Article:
the CHIPS regulation proposal and on the backs of the recently passed US Innovation and Competition Act (USICA).
Okay, let’s break it down.
A letter was sent Wednesday to House Majority Leader Nancy Pelosi, Minority Leader Kevin McCarthy and their Senate counterparts – Chuck Schumer and Mitch McConnell – demanding that Capitol Hill get the CHIPS Act passed quickly. The main rationale is that domestic manufacturers (especially car manufacturers) have struggled due to the shortage of semiconductors and are now endangering the employment status of hundreds of thousands of Americans.
“There is no doubt that our nation’s auto manufacturing industry – more than any other industry – has been hit hardest by the global semiconductor shortage,” Whitmer wrote in the letter. “Production at auto plants across the country has been inactive, impacting more than 575,000 US auto-related jobs.”
Whitmer was joined by Governor Gavin Newsom of California, Laura Kelly of Kansas, Andy Beshear of Kentucky, JB Pritzker of Illinois, Tom Wolf of Pennsylvania, Roy Cooper of North Carolina, Tony Evers of Wisconsin and Kay Ivey of Alabama – the latter is the only Republican.
Giving the semiconductor industry has been popular with the Biden administration, and the Senate has already voted in the affirmative to provide businesses with government money. But Reuters said there was a pushback in the House due to the open nature of the bill.
Semiconductor funding passed in the US Senate earlier this year from 68-32 as part of the broader US Innovation and Competition Act, or USICA. But he did not go to the House of Representatives.
Elements of the broader bill have drawn opposition from some House members who fear there are no safeguards to prevent research funds from benefiting China, the United States’ main global competitor.
“We understand that the House of Representatives has its own priorities over the policies and programs included in USICA, we hope the two chambers will come together quickly to find common ground with respect to this legislation, including full funding for the CHIPS Act re- shoring provisions, as soon as possible ”, reads the letter from the governors.
Your author would like to echo these concerns by adding some of his own. Rather than focusing solely on boosting the chip’s output, a large part of the proposed funding is reserved for research and development. Likewise, tax breaks seem more focused on helping an industry that has one of the most in-demand goods imaginable right now, instead of building new players that could help maximize domestic production.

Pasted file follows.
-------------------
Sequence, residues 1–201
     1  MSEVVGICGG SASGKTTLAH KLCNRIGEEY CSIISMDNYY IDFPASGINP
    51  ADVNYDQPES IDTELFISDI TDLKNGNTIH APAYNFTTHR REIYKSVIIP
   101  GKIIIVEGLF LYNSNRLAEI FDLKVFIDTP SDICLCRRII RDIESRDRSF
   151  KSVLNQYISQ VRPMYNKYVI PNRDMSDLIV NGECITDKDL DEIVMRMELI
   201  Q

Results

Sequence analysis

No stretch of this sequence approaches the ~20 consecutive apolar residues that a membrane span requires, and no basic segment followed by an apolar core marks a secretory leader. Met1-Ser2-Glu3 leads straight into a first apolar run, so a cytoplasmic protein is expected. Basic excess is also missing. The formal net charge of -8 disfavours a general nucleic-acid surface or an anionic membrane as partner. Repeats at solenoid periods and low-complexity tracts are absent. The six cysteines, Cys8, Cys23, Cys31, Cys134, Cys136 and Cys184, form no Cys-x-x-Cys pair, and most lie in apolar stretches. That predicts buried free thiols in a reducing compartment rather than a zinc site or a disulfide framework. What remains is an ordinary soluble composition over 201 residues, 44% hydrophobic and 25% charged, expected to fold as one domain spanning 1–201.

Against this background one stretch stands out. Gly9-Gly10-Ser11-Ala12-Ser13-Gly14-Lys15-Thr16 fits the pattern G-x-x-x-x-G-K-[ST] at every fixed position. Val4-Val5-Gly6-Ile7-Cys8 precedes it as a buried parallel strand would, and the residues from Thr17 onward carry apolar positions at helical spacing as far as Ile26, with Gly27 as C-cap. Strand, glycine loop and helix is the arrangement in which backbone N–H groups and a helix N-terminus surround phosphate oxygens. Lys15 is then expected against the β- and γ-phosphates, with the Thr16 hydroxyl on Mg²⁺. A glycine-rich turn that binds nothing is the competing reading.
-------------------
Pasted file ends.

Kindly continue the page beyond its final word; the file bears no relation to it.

But perhaps the dumbest thing you can imagine is how little goes into the chips that automakers actually use. Of the proposed $ 52 billion, only $ 2 billion will be used to prioritize older chips that go into cars. This has actually contributed massively to the semiconductor shortage since we learned about it. When the restrictions for COVID began, people were not buying cars. They were buying laptops, tablets and other small devices based on the latest technologies because there was nowhere to go. Faced with their own problems, the suppliers shifted production accordingly and realized that the new chips would make them more money in the long run. This left the automotive sector (which continued to outsource the production of the necessary hardware) in a sticky spot.
While the industry has figured out how to stay more or less profitable by launching rolling production shutdowns, the industry at large is estimated to have lost $ 200 billion this year. due to huge production shortages. The latest math has 2021 producing around 4 million fewer cars than expected. But it’s not all the fault of the absent semiconductors. Electronic components (resistors, capacitors, connectors, etc.) have become difficult to find in general and their predominantly Asian suppliers have chosen to prioritize domestic markets. This has raised prices and reduced availability across the planet, however, it is hitting Western nations particularly hard.
It’s not just electronics. Commodities are also rising in price as global supply chains continue to struggle. One of the most recent examples of this is the magnesium deficiency that occurs in Asia. The car industry dials have begun to ring alarm bells that economic woes have led to the closure of factories that are about to create additional demand for the item. China, responsible for 85% of the global magnesium supply, is assumed to have halved its total production. While some auto makers said they were not worried about the limited amount of magnesium they use, others said they were worried they were just weeks away from another crisis. The European Association of Automobile Manufacturers, ACEA, also said it expects problems even from here to early 2022.
One wonders how the CHIPS Act should do anything other than keep the US as the leading chip designer and why this should matter when providing the older chips that will ultimately help boost automotive production. The US still has the market cornered when it comes to cutting-edge technology, but has given up a significant amount of capacity to China from building 37% of the world’s semiconductors (in 1990) to just 12% (in 2020) . That lack of capacity (thank you, NAFTA) appears to be what is hurting the industry the most in general and it is not clear that the CHIPS Act addresses this issue in a serious way. Extend this premise to as many other legislative actions that likewise seem to prioritize the wishes of lobbyists – at the expense of creating useful, financially prudent and manageable solutions for the American people – as you wish.
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